Despite his claims of innocence, Rich’s U.S.-based affiliates paid nearly $200 million in fines, and the FBI put Rich onto its “most-wanted” list for nearly a decade. After several attempts to arrest Rich failed, the case disappeared from public view.
Until January 20, 2001, that is, when President Bill Clinton, on his last day in office, granted Rich a presidential pardon. This erupted into a scandal known as “Pardongate,” but by that time, nothing could be done, and Rich could relax at his villa (“La villa rose”) overlooking Lake Lucerne.
In a rare and revealing interview lasting more than 30 hours in November 2009, with the business editor of a Swiss newspaper, Rich spelled out just how he had managed not only to make himself extremely wealthy, but avoid being prosecuted by Giuliani. It was very simple: He bribed top government officials who helped him do “workarounds” on existing embargoes while providing espionage tips to his contacts in those governments. In essence, Rich had an enormously influential network of powerful people dependent upon him for their existence and their financial well-being.
Said interviewer Daniel Ammann, “The biggest advantage of Marc Rich and his company is that they were on the spot. They weren't dealing from the U.S. or Switzerland. They were on the spot.” He added:
Let’s say Iran after the 1979 revolution. They were there. In Angola, Cuba, Jamaica, South Africa. There were always his people working with the local authorities. The commodity trade is often done by governments so they really had the best contacts imaginable.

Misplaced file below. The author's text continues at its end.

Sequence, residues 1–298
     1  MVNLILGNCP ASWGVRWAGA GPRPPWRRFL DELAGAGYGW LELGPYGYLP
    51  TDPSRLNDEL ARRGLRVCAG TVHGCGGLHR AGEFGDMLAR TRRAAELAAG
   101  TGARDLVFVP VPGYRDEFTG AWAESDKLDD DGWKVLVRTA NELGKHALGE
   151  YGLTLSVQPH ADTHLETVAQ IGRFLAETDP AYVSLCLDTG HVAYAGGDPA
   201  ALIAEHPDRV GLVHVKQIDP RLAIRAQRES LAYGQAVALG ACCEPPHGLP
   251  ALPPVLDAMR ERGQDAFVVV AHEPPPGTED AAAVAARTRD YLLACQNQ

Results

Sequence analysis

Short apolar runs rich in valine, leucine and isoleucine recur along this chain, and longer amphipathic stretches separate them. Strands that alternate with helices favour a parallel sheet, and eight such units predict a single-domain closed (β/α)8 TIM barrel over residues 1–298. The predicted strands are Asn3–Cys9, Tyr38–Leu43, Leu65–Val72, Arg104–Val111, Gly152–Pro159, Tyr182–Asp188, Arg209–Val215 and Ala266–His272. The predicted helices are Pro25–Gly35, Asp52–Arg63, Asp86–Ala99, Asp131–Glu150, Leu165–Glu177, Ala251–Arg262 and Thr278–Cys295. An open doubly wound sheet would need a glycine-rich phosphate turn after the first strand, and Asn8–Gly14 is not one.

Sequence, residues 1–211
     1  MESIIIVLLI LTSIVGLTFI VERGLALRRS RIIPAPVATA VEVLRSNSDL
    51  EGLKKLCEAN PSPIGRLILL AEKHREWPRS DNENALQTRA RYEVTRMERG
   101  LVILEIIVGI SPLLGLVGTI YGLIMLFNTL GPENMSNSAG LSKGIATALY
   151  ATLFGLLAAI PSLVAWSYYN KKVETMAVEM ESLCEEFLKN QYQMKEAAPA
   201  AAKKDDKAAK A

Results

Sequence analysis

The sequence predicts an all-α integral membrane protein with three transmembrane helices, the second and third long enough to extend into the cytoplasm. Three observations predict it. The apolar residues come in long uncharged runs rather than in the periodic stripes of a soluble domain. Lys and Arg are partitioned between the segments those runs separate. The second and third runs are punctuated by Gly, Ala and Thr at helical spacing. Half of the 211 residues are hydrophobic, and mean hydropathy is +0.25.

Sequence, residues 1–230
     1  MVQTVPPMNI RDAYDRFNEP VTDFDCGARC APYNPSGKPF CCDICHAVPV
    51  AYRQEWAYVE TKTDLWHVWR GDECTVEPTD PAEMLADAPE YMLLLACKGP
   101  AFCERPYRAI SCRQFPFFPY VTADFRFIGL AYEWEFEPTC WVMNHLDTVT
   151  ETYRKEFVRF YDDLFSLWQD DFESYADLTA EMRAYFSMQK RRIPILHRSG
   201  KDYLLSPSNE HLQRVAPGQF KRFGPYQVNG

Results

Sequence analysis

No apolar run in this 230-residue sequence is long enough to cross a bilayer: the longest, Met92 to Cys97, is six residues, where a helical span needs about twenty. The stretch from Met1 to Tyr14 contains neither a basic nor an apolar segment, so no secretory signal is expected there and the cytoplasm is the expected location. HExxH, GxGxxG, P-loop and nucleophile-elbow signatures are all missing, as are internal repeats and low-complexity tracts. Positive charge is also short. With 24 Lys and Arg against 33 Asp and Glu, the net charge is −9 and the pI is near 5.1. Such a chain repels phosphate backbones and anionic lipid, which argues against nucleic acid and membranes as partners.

When Rich was paying big bribes to buy and sell the stores of commodities from entire nations, he made sure he was paying off all the right people and depositing the money into all the right offshore bank accounts for those people, all the time.
This sheds light on Clinton’s defense of his pardon of Rich when he said he was influenced by pleas for clemency from Ehud Barak, Israel’s former prime minister and Shimon Peres, then (and now) the president of Israel. During the oil embargo following the hostage crisis, it was Rich who was able to sell embargoed Iranian oil to its enemy, Israel. In such a crisis, enemies become friends, and Rich’s successful providing of oil to Israel was remembered by his friends. Explained Amman:
Rich was the very needed and useful intermediary. He was the one who brought their oil to the customer and converted it into foreign currencies. I really think they needed him as much as he needed them. This is sort of the principle of trading.
Of course, the fact that Denise Rich, Rich’s wealthy socialist wife, gave hundreds of thousands of dollars to the Clinton library fund and to Hillary Clinton’s run for the senate didn't hurt, either.
Rich was indeed all of the descriptors offered by commentators around the world at the news of his death from a stroke in Lucerne at age 78. Rich was a major player. All he did was what George Washington Plunkitt, the Tammany Hall politician, did: “I seen my opportunities and I took 'em.” Rich just did it on a far grander scale.